Canadian Babies Cry More Than Infants In Other Countries

by Tiffany Thomas

I firmly believe that anyone who survives the first year of parenting should get a reward of their choosing. Of course there's the happy baby, the huge slice of birthday cake, and all the beautiful memories, but I'm thinking of money or a car or something. And parents whose first year included helping their little ones get through the extreme fussiness and crying that comes with colic, well, they are the real MVPs, for sure. When it comes to getting through those early months of babyhood, it turns out that Canadians might actually deserve some kind of medal, as new research suggests that Canadian babies cry more than infants in any other industrialized country. Let’s send some happy thoughts and virtual hugs to our northern neighbors today, friends.

Published in the Journal of Pediatrics, the report surveyed the results from 28 prior studies on colic, a common ailment that causes bouts of crying and fussiness in infants. After analyzing data on more than 8,700 infants from around the world, researchers found that tiny Canadians cried longer and louder than other infants; Crying for more than three hours a day and three days a week was normal for some one in three Canadian babies, according to the study.

Babies in Italy and the United Kingdom were only slightly less likely to deal with the condition, at 21 percent and 28percent respectively. Parents in Germany, Japan, and Denmark got off the easiest it seems, as babies in those countries had a less than 5 percent chance of developing colic, sometimes crying as little as 30 minutes a day.

Yes, you read that right: There are places in the world where the average baby cries for just 30 minutes in 24 hours... maximum.

Researchers at the University of Warwick in Coventry, England made the discovery during an attempt to create the world’s first universal crying chart, essentially mapping how fussy babies from various countries are in the first months of life. To anyone wondering why such a chart would ever be created, psychology professor and the study’s lead researcher Dr. Dieter Wolke explained in a Newsweek interview that understanding the full range of what’s normal can reassure worried parents and help doctors quickly spot crying that might be cause for concern.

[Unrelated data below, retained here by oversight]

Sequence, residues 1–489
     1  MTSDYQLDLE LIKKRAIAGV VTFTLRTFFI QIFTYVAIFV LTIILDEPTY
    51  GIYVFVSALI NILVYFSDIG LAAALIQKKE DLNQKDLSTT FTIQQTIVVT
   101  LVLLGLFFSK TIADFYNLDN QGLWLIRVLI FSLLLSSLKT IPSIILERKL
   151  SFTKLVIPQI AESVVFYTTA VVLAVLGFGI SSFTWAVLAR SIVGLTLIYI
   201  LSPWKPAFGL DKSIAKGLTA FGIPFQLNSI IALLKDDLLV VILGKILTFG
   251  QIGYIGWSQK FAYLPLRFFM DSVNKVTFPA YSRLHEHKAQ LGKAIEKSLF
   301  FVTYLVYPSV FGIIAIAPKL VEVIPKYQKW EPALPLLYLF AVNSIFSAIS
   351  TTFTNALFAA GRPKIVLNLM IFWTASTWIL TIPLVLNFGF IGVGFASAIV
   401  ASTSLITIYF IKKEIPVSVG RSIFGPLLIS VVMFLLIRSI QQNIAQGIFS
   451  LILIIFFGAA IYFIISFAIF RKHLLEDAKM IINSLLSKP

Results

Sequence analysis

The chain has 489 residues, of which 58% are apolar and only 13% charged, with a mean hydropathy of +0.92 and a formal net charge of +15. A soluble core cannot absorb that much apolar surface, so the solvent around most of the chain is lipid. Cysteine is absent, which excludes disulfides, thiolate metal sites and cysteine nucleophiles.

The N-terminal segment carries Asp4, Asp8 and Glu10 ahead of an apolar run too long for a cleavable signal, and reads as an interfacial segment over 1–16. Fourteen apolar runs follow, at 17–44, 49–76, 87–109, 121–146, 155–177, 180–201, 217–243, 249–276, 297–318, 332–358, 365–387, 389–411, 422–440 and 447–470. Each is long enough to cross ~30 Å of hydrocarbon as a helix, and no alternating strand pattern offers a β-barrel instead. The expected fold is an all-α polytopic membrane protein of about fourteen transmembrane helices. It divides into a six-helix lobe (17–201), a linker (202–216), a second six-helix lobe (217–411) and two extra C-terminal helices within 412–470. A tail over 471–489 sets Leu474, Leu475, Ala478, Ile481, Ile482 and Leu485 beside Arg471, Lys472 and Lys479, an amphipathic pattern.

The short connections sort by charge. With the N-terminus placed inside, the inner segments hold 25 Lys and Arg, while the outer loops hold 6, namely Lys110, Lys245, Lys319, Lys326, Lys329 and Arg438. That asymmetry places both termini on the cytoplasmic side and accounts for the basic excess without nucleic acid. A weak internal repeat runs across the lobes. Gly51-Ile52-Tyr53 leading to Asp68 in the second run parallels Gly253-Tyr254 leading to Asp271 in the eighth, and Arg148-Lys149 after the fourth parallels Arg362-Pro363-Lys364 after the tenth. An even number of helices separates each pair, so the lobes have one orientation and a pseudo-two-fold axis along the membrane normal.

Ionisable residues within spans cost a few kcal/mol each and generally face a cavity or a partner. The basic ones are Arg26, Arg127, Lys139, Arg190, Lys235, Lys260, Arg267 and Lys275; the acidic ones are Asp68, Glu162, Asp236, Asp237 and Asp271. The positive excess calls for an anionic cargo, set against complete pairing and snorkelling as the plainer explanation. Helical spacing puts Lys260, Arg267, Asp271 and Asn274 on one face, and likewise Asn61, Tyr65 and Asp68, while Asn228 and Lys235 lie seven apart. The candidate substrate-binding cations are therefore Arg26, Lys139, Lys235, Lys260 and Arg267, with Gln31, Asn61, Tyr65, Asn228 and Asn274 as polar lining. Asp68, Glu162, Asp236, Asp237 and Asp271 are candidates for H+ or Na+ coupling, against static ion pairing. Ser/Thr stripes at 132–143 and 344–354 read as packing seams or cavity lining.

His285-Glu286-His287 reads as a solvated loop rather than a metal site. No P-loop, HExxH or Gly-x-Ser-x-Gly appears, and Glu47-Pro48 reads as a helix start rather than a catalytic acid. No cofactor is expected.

In an interview with The Guardian, Wolke added that differences in how babies are soothed and fed could help to explain the contrast:

Babies are already very different in how much they cry in the first weeks of life – there are large but normal variations. We may learn more from looking at cultures where there is less crying and whether this may be due to parenting or other factors relating to pregnancy experiences or genetics.

The countries where babies cried the least were also associated with high levels of contact between caregivers and infants, according to the study. Bottle feeding or mixing bottle and breastfeeding was also associated with shorter bouts of colic, The Guardian reported.

Of course, American parents might not be willing to shed too many tears for their Canadian peers. The recently announced changes to Canada’s parental leave benefit mean that mothers and fathers there will soon have more flexibility and support for getting through the first year of parenthood — and almost 18 months of government-paid leave to split between moms and dads for each birth. Without question, dealing with a wailing baby is difficult, but having a solid paid leave policy could certainly help take the stress off of parents as they try to find their bearings.

On second thought, forget the money and car that I mentioned before. As parenthood survival rewards go, Canada may have figured it out for all of us.